Essentially, we now have a HashMap we can use to query the particular kinds of memory info we retrieved. In our case, we're going to look for the totalPss value:

HashMap<String, Integer> memoryInfo = getMemoryInfo(driver);
int setSize = memoryInfo.get("totalPss");

What is this totalPss business? PSS means 'Proportional Set Size'. According to the Android dumpsys docs:

This is a measurement of your app’s RAM use that takes into account sharing pages across processes. Any RAM pages that are unique to your process directly contribute to its PSS value, while pages that are shared with other processes contribute to the PSS value only in proportion to the amount of sharing. For example, a page that is shared between two processes will contribute half of its size to the PSS of each process.

In other words, it's a pretty good measurement of the RAM impact of our app. There's a lot more to dig into here, but this measurement will do for our case. All that remains is for us to tie this into the Appium boilerplate and make a real assertion on our app. Here's the full code for the test case we outlined above (also available on GitHub):

import io.appium.java_client.android.AndroidDriver;
import java.io.File;
import java.net.URL;
import java.util.HashMap;
import java.util.List;
import org.hamcrest.Matchers;
import org.junit.Assert;
import org.junit.Test;
import org.openqa.selenium.remote.DesiredCapabilities;

public class Edition005_Android_Memory {

   private static int MEMORY_USAGE_WAIT = 30000;
   private static int MEMORY_CAPTURE_WAIT = 10;
   private static String PKG = "io.appium.android.apis";
   private static String PERF_TYPE = "memoryinfo";
   private static String PSS_TYPE = "totalPss";

   @Test
   public void testMemoryUsage() throws Exception {
       File classpathRoot = new File(System.getProperty("user.dir"));
       File appDir = new File(classpathRoot, "../apps/");
       File app = new File(appDir.getCanonicalPath(), "ApiDemos.apk");

       DesiredCapabilities capabilities = new DesiredCapabilities();
       capabilities.setCapability("platformName", "Android");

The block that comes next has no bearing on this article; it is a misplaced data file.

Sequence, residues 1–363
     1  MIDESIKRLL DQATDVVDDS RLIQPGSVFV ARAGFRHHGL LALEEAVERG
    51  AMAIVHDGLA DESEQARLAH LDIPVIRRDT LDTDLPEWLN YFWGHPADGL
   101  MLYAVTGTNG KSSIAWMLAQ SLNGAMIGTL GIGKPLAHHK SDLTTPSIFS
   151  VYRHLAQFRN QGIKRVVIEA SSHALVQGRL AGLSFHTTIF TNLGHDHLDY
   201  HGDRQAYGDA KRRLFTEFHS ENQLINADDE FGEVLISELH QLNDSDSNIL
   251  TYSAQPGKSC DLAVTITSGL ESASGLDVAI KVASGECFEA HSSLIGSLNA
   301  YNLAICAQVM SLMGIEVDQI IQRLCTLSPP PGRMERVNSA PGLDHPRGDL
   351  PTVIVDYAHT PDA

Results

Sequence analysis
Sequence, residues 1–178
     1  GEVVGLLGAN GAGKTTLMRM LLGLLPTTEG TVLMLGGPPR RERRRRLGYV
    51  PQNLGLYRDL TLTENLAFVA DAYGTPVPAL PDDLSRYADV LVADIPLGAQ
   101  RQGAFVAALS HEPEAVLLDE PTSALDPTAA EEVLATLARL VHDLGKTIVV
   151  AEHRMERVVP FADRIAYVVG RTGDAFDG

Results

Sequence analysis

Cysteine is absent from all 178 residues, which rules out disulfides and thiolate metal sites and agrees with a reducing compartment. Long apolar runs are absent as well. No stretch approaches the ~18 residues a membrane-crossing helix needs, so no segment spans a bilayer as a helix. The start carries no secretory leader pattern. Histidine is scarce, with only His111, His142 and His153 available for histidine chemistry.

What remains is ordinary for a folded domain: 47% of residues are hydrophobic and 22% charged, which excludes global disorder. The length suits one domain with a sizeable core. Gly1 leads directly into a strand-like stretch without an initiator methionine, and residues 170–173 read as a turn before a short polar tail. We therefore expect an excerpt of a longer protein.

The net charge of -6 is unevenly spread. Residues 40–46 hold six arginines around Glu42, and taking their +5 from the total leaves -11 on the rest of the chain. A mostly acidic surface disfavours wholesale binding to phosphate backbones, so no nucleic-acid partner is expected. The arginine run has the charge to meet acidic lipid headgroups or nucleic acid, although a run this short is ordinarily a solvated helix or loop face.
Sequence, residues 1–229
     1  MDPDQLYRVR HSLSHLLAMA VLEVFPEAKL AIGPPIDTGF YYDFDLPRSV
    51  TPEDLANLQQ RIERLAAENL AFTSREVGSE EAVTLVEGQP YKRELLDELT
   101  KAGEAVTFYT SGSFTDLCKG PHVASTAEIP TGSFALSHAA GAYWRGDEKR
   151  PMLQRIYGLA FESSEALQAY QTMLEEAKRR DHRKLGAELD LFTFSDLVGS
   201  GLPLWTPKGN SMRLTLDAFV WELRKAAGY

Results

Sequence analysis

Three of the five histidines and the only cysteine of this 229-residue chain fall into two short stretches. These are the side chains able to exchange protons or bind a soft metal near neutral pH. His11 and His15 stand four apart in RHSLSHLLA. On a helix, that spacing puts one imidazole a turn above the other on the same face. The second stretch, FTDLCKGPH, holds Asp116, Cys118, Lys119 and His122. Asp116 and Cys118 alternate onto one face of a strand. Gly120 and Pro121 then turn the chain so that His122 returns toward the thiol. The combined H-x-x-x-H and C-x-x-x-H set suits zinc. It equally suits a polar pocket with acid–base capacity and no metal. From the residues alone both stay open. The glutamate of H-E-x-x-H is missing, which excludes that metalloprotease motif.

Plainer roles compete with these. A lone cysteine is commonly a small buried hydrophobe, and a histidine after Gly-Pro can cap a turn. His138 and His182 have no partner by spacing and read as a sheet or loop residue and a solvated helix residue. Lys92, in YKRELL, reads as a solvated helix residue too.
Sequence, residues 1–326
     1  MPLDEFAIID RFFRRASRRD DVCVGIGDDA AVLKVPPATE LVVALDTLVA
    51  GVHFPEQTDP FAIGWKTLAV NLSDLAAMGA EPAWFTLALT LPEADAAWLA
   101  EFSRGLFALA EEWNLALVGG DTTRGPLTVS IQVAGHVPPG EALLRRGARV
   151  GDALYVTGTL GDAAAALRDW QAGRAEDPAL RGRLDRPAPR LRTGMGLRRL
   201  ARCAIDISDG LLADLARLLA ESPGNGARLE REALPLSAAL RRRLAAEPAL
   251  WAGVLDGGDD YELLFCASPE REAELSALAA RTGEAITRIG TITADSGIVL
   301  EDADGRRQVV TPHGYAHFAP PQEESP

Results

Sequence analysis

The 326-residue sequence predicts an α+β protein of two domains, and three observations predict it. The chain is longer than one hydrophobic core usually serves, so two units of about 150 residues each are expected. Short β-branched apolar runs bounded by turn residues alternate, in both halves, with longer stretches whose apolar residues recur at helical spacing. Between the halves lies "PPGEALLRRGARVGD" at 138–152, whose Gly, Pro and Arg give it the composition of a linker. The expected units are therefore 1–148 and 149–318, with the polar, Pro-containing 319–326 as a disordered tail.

capabilities.setCapability("deviceName", "Android Emulator");
       capabilities.setCapability("automationName", "UiAutomator2");
       capabilities.setCapability("app", app);

       AndroidDriver driver = new AndroidDriver(new URL("http://localhost:4723/wd/hub"), capabilities);
       try {
           // get the usage at one point in time
           int totalPss1 = getMemoryInfo(driver).get(PSS_TYPE);

           // then get it again after waiting a while
           try { Thread.sleep(MEMORY_USAGE_WAIT); } catch (InterruptedException ign) {}
           int totalPss2 = getMemoryInfo(driver).get(PSS_TYPE);

           // finally, verify that we haven't increased usage more than 5%
           Assert.assertThat((double) totalPss2, Matchers.lessThan(totalPss1 * 1.05));
       } finally {
           driver.quit();
       }
   }

   private HashMap<String, Integer> getMemoryInfo(AndroidDriver driver) throws Exception {
       List<List<Object>> data = driver.getPerformanceData(PKG, PERF_TYPE, MEMORY_CAPTURE_WAIT);
       HashMap<String, Integer> readableData = new HashMap<>();
       for (int i = 0; i < data.get(0).size(); i++) {
           int val;
           if (data.get(1).get(i) == null) {
               val = 0;
           } else {
               val = Integer.parseInt((String) data.get(1).get(i));
           }
           readableData.put((String) data.get(0).get(i), val);
       }
       return readableData;
   }
}

I heartily recommend throwing some automated performance testing in the mix for your app. With even a basic test like the one above, you could catch issues that greatly affect your user's experiences, even if a functional test wouldn't have noticed anything wrong.

Capturing Performance Data for Native iOS Apps

As mobile app testing becomes more and more ubiquitous, the lines between different kinds of automated testing can become blurred. For example, performance testing is becoming an integral part of the development cycle. And for good reason---users of mobile apps have very low tolerance for poorly performing apps. We've already shown how it's possible to use Appium to collect performance metrics for Android apps, and we can do something very similar for iOS.